Prologue

A Bumpy Road to Motherhood

Prologue

Art by Anne Kemerink

Pooh, lots had to be done before I could start writing this story: from fanatic running in the early mornings to obsessively helping Ladybugs finding a good place to hibernate during winter, and from passionate lovemaking to monotonous peeling hundreds of apples and turning them into some sort of edible dish. I guess I just needed the physical motion to find courage to sit down and write. After losing five pregnancies, I feel time is ripe to capture what that does to me as a person, how it affects my life and changes the meaning of my very existence. I kept a diary before but that did not do the job for me, on days that I felt good there was not much to write about and on days that I felt down I only got more depressed by reading what I wrote before. In the end it did not reflect how I actually felt nor did it capture my changing view on life along the bumpy road to motherhood. So instead I will structure this narrative around different themes that I can write, rewrite and edit across moods swings and with diverse states of mind. These themes have emerged during the past years as recurring issues that I struggled with, matters that confronted me with being unwanted childless or topics that I started to see differently because of what I have experienced. Even though most themes focus on dealing with loss, sorrow and social exclusion, this story is not meant to seek compassion, it is just an honest attempt to document what it means to deal with infertility in our current society and what it takes to persevere. Life is unfair is so many ways that I do not want to claim a special position on the ladder of the unfortunates, between the sick and the poor, based on an unfulfilled desire. Also this narrative does not intent to record my medical history in great detail, at least for now it is enough to say that I went through three ectopic pregnancies and two miscarriages during the past five years and that since two years I am undergoing in-vitro fertilization treatment. And you, the reader, who are you? For the time being you are me and perhaps one day you are the one who is closest to me, the person with whom I walk this road together. If I am brave enough you might become those who unwearyingly stand on the side of the road encouraging me when the mountain seems too high to climb and comforting me when I have fallen down on my knees once more. Or who knows, one day you might be one of those who used to know me very well but life came in between us and drifted us apart. Ultimately, if I ever find the courage, some day you might even be a complete stranger reading this story of a woman walking her bumpy road to motherhood. Just keep in mind then that this is just my story and by no means do I claim to represent women undergoing similar (medical) processes. Ready?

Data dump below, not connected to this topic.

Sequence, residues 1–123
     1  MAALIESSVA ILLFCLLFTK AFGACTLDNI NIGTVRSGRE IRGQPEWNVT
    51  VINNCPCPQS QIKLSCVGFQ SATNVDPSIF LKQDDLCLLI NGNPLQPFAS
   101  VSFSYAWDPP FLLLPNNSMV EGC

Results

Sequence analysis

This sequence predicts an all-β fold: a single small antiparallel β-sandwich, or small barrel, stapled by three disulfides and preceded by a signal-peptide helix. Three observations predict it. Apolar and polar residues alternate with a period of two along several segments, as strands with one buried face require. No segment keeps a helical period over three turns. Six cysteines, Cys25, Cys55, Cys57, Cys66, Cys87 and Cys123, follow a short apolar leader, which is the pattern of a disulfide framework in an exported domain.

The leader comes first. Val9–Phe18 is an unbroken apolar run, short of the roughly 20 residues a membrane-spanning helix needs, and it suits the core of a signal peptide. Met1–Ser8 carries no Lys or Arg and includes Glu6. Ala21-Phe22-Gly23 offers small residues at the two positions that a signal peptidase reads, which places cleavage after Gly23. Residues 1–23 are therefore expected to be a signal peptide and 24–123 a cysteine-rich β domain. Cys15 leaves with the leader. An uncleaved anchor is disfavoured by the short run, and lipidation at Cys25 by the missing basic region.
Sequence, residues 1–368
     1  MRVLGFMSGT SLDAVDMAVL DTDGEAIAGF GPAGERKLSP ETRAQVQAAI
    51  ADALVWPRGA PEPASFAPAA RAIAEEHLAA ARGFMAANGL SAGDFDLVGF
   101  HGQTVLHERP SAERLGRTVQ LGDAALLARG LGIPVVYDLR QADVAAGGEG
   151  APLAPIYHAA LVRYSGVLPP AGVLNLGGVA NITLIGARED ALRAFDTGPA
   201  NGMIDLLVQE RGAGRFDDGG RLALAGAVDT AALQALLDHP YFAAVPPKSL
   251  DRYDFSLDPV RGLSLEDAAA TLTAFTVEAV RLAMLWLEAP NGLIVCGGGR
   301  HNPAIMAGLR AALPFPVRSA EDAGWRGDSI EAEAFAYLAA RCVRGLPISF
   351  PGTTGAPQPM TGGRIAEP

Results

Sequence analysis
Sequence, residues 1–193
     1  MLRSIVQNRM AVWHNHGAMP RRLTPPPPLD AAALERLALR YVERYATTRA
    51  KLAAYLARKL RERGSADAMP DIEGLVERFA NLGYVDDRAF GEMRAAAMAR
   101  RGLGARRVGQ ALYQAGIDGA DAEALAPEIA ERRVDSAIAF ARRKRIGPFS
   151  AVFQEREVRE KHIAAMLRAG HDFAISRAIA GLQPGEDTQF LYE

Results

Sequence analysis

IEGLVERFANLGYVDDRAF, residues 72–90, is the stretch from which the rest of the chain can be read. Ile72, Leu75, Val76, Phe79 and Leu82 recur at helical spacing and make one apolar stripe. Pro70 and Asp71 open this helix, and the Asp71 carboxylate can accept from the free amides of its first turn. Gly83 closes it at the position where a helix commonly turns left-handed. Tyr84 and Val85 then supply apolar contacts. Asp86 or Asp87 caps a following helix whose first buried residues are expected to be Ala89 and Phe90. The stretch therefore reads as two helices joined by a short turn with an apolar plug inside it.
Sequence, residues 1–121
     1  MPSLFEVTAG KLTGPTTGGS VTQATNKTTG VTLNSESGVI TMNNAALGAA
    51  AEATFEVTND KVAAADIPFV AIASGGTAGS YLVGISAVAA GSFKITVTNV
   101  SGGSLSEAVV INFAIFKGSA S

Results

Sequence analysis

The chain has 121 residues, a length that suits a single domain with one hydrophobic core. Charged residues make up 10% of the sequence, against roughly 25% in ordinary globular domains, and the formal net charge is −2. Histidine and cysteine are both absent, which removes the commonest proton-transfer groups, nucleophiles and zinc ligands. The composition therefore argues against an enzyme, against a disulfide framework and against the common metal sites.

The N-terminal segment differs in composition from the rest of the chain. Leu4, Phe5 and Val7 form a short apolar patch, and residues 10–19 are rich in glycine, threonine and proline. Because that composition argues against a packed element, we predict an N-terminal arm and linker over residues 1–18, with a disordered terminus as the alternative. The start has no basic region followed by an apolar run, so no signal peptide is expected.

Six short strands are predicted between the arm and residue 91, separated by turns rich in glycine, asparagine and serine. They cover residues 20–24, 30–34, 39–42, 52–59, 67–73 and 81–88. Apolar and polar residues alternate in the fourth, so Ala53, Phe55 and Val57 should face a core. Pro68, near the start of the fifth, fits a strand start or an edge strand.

My story includes several pages and you can click on 'next' on top of the pages to navigate to the following themes: me and the infertility taboo; me and everyday life; me and my body; me and the medical process; me and the people closest to me; me and the people around me; me and pregnant women; me and mothers.